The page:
I hope I might assist a bit in this conversation. Typical textile dyes do have metal complexes.. Some of the less reputable suppliers may contain hazardous heavy metals (lead, mercury, etc). Most of the newer technologies are moving to copper, zinc, manganese. SDS's are not reliable from that part of the world especially when dealing with a distributor like those mentioned. You would be better served to ask for a letter of declaration that the dye meets the ZDHC MRSL (www.roadmaptozero.com Zero Discharge of Hazardous Chemicals - Manufacturing Restricted Substance List). ZDHC is quickly making progress with textile chemical manufacturers but there is a ways to go. Many of the large chemical suppliers for textiles recognize that kind of request.
Depending on the quantity (dissolved or in solution) you should check with your wastewater treatment facility to let them understand that a =E2=80=98slug' of these types of chemicals are being released in your discharge water. For the dry chemicals or pastes, they should be disposed of according to local regulations and you may need to have a chemical analysis done to understand which hazard, if any, apply.
I hope the information is of some assistance.
Technical Director Chemical Compliance Management
Mast Global - Div of LBrands
In case you missed it on my original email =E2=80" consider making a donation to my ride - Pelotonia 2016. My ID: JR0104 http://pelotonia.org/
From: DCHAS-L Discussion List [mailto:dchas-l**At_Symbol_Here**med.cornell.edu]
On Behalf Of Monona Rossol
Sent: Wednesday, July 06, 2016 4:42 PM
Subject: Re: [DCHAS-L] Fiber dye disposal?
Second answer: I went on both Dharma's and ProChem's sites and looked at their SDSs. They have chosen this new SDS document to tell you NOTHING about the dyes. They are using internal product identifiers. There are no C.I. name or any other information.
That really is sad. But at least ProChem says up front they are sensitizers--which is the bid industrial issue with all of the Reactives.
In Section 11 Dharma just tells you there is no data which is true. The Prochem deceptively leaves off the fact that there is no chronic data which artists interpret to mean they are safe.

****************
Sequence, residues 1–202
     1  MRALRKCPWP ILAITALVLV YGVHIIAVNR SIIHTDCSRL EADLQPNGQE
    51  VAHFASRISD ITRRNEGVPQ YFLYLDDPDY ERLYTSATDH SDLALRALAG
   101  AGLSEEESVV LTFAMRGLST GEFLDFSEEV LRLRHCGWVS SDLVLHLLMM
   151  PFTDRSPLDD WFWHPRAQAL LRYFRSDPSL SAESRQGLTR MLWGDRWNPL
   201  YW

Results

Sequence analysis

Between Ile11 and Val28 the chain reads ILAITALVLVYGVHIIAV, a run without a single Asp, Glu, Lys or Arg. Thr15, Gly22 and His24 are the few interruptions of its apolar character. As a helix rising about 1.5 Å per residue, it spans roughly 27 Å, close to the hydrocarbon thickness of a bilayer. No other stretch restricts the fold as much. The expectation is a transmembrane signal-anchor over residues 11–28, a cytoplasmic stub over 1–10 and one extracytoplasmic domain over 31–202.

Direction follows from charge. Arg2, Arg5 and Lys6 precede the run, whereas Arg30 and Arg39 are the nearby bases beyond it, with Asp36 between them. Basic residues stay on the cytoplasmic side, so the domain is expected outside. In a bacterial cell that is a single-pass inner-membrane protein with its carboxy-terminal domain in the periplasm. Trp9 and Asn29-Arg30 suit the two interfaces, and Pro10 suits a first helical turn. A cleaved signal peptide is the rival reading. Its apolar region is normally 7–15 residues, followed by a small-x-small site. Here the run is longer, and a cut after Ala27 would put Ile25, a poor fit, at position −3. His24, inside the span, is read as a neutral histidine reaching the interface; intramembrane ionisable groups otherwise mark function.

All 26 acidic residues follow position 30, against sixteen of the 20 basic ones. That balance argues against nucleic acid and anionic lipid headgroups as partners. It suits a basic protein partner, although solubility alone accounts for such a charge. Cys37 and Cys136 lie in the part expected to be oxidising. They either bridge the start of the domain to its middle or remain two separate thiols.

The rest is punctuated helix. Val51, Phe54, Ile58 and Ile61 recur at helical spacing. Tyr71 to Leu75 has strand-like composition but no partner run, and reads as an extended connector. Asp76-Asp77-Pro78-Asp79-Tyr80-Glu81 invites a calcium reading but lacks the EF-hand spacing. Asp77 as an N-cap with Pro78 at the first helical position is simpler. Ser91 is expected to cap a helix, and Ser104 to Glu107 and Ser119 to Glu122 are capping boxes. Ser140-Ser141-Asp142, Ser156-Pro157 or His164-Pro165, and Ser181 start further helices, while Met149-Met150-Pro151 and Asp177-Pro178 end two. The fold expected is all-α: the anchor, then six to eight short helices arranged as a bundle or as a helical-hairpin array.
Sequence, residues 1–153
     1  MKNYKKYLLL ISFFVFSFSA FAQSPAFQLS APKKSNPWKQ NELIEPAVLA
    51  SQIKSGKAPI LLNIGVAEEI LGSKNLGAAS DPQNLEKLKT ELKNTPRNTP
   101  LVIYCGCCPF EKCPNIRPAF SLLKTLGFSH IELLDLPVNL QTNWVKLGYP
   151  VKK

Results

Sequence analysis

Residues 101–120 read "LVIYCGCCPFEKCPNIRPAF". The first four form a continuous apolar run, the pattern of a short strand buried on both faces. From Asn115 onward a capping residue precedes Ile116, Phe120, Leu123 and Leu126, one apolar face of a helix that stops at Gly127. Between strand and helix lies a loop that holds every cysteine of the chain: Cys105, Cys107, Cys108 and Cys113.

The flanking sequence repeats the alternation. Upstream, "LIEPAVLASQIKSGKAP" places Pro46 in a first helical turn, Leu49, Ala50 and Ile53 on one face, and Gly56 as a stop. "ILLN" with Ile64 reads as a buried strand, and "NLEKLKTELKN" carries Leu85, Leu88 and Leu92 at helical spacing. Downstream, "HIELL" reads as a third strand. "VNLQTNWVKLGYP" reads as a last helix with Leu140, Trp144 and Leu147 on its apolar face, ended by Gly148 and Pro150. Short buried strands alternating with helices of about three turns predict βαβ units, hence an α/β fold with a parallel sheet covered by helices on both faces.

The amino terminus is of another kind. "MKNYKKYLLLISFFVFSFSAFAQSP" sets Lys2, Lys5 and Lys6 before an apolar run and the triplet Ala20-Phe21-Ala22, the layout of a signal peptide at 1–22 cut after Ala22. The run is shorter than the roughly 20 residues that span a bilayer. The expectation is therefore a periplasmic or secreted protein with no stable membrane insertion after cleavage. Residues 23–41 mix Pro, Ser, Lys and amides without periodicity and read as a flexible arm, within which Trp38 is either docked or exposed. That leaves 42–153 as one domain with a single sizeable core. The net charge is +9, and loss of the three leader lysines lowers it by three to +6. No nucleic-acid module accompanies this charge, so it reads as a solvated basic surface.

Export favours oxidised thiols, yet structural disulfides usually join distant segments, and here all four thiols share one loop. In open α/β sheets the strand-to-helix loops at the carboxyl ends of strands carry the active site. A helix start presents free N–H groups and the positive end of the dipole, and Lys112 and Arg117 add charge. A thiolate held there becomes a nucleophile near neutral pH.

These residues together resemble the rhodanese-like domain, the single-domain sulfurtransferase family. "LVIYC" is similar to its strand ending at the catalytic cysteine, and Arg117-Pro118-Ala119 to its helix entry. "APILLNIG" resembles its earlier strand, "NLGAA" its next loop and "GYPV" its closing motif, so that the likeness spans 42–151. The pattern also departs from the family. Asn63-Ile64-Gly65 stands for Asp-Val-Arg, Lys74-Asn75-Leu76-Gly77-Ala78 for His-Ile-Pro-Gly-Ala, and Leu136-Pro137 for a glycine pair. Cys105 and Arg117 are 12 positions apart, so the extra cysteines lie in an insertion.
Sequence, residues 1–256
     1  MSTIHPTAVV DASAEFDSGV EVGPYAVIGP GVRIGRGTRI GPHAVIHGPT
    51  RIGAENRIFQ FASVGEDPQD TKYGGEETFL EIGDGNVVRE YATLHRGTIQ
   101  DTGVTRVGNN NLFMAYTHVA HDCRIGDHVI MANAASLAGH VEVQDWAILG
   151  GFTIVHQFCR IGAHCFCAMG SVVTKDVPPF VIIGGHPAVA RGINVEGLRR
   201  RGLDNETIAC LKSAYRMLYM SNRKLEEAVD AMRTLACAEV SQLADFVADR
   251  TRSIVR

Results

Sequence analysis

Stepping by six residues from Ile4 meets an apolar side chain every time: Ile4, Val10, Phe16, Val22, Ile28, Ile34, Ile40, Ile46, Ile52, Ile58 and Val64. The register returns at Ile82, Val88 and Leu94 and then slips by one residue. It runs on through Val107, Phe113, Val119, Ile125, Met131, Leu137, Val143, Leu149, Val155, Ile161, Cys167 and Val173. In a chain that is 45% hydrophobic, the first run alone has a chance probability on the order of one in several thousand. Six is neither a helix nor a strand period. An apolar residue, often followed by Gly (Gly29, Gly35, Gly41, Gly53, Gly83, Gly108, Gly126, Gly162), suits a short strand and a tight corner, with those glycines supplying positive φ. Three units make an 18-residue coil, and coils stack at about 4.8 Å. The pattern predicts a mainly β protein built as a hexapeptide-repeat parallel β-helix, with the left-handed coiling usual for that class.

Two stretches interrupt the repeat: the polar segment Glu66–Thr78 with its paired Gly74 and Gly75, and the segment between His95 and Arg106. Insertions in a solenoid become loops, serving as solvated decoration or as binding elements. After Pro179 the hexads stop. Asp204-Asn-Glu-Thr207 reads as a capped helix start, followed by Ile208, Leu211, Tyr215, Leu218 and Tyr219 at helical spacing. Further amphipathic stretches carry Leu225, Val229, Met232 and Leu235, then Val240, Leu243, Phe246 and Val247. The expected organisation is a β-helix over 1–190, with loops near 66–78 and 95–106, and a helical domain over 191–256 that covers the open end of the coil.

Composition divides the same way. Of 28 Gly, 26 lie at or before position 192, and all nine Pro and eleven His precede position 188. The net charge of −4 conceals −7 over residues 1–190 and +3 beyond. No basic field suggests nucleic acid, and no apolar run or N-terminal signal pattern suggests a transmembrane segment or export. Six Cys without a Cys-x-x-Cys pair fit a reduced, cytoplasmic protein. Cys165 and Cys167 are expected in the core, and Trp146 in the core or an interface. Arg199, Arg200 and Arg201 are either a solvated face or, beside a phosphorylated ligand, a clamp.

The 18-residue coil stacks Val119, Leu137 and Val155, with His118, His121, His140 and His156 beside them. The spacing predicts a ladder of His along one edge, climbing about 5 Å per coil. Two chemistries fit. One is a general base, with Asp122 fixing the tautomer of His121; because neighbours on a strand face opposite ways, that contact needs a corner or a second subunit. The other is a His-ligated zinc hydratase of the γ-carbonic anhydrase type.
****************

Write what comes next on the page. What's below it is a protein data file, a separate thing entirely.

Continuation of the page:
Oy. You should see the structures of many of these. People should be very careful with these powders. Costume shops usually have glove boxes or chemistry fume hoods for mixing the powdered dyes. Art people usually wallow in them instead.
Sheesh. I train people how to look up the hazards and now it is a useless skill since the major suppliers to the arts are not telling them what they are.
Monona Rossol, M.S., M.F.A., Industrial Hygienist
President: Arts, Crafts & Theater Safety, Inc.
Safety Officer: Local USA829, IATSE
181 Thompson St., #23
New York, NY 10012 212-777-0062
From: Stuart, Ralph <Ralph.Stuart**At_Symbol_Here**KEENE.EDU>
To: DCHAS-L <DCHAS-L**At_Symbol_Here**MED.CORNELL.EDU>
Sent: Wed, Jul 6, 2016 2:02 pm
Subject: [DCHAS-L] Fiber dye disposal?
I wonder if anyone has looked into the disposal of fiber dyes used in student activities events?
The particular brand I'm interested in is from Dharma Trading Company and their SDS's are remarkably uninformative. The SDSs states
Waste Disposal Methods: Should not be released into the environment. Dispose of in accordance with local regulations. This material, as supplied, is not a hazardous waste according to state and federal regulations (40 CFR 261).
The local sewage authority would like to know if there are metals in the dyes, but the company representative only knows what's on the SDS that came with the powder they bought from their supplier, so I would like to have a source of corroborative information for the SDS before I respond to the city. Any suggestions for other sources of information would be appreciated.
Thanks for any information on this.
Ralph Stuart, CIH, CCHO
Chemical Hygiene Officer
Keene State College
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